7. Skinjacker – Neal Shusterman
I wanted to not include the same author twice on this list, but I couldn’t. I wouldn’t know which series to bump down because I absolutely love both. Everlost and all its sequels are just so clever. Shusterman explores every single aspect of his world and asks the right questions to keep you thinking.

8. Percy Jackson – Rick Riordan
This is only referring to the first five books of the original series, and not the spin-offs. While I do like Heroes of Olympus, I haven’t exactly made my mind up yet on particular aspects, whereas I have some serious love for the Olympians arc. Percy and all his humour was what really made the series for me.

9. Underdogs – Markus Zusak
This one is a weird place for me, because the books vary a lot. While all are brilliant (as to be expected from one of my favourite authors), the first and third are weaker than the completely spectacular and heart-breaking middle book. However, I also know that Fighting Ruben Wolfe would not be as strong if it was not bookended by great character development and relationship arcs from the other two books.
In summary, this order idea isn’t really working out but I’m sticking to my choices because we’re nearly finished anyway.

10. Leviathan – Scott Westerfeld
The fact that this had illustrations (and absolutely gorgeous ones) bumped up my entire rating of this series. I love the steampunk setting and the world, and Deryn and Alek are awesome and endearing characters.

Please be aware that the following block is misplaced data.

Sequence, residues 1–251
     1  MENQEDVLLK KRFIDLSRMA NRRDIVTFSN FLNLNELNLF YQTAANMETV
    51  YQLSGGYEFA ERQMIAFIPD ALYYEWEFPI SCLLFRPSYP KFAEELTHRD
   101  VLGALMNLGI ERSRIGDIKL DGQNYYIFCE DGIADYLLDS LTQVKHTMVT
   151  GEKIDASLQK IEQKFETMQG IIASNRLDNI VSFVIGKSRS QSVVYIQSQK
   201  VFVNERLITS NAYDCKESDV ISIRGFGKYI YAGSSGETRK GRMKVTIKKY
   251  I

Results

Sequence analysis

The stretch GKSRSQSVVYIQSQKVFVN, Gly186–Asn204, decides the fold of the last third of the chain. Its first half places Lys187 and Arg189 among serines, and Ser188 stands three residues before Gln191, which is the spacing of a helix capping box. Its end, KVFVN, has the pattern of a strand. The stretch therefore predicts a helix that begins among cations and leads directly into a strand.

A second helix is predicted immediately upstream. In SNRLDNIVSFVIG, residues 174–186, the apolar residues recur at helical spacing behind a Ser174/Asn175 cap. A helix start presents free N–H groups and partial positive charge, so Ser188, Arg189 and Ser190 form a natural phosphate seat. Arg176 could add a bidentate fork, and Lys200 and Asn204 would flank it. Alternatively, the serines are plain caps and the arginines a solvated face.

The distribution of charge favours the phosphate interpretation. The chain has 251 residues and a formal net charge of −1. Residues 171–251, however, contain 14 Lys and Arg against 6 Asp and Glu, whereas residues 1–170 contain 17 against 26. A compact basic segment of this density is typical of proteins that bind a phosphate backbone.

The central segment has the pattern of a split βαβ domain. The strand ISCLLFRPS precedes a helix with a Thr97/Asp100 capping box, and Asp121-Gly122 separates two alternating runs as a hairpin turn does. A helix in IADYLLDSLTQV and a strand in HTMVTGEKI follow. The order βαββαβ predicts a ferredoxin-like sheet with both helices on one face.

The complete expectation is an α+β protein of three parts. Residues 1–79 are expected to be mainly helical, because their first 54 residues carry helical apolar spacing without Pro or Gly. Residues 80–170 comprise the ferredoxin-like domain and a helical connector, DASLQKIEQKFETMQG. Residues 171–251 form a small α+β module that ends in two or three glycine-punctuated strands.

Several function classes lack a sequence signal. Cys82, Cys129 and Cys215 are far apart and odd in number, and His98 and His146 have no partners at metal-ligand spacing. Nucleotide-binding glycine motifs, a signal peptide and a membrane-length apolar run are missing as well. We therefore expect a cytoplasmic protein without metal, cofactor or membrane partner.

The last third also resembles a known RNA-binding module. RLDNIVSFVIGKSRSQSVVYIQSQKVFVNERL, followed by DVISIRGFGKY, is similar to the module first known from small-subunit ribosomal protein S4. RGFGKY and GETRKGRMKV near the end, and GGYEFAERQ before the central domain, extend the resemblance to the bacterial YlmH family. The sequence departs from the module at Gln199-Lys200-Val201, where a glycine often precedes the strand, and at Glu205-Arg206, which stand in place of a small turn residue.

Do I have honourable mentions?
Nah, I don’t think so.
A lot of series I could put on here but 1. Haven’t read the second book or 2. the ending sucked. Endings are important, and if a series has a promising start but then goes swiftly downhill, I can’t do it. I can’t include it. It leaves a bad taste in my mouth no matter how good the first few books were. I won’t name any names here, but I’m sure you guys have a few (almost certainly accurate) guesses.

Skulduggery Pleasant: Last Stand of Dead Men – Derek Landy

Last Stand of Dead Men (Skulduggery Pleasant, #8)FREAKING SPOILERS FLYING EVERYWHERE. READ THE REVIEW ON YOUR OWN RISK.

It seems that the eight book is “The Avengers” of a series.

First Mark of Athena, which I refer to as “The Demivengers” (yes it is a crap title, doesn’t keep me from saying it), now we have Skulduggery Pleasant: Last Stand of Dead Men, which I guess is “The Magevengers” (even worse of a title, apparently) except instead of Loki, we have Darquesse, a seemingly invincible psychopath, who also happens to be our lovely protagonist.

Summary

ALL THE PLOT LINES FROM THE LAST SEVEN BOOKS CONVERGE AND IT IS BEAUTIFUL.

YOU ARE BRILLIANT, DEREK LANDY.

Cons

These cons are completely personal to me, and my standing in particular things.

The Romance

Or implied romance that I was reading. I really dislike the possibility of a romance between Valkyrie and Skulduggery. Not only are the age differences massive (Skulduggery was MARRIED. He had a KID. that takes a level of maturity that Valkyrie isn’t even close to possessing), but the relationship, as I saw it, was always a tutor and a student. I saw Skulduggery as the uncle figure Valkyrie lost when Gordon died.

However, I know fan support for the “Valduggery” relationship is terrifyingly huge. I think it’s probably 98% of the fanbase, and that made me cringe every time the two characters had heartfelt interactions because I was very aware they could turn romantic.

But that’s just my personal stand on the books, and most people probably enjoyed these conversations between Valkyrie and Skulduggery.

Pros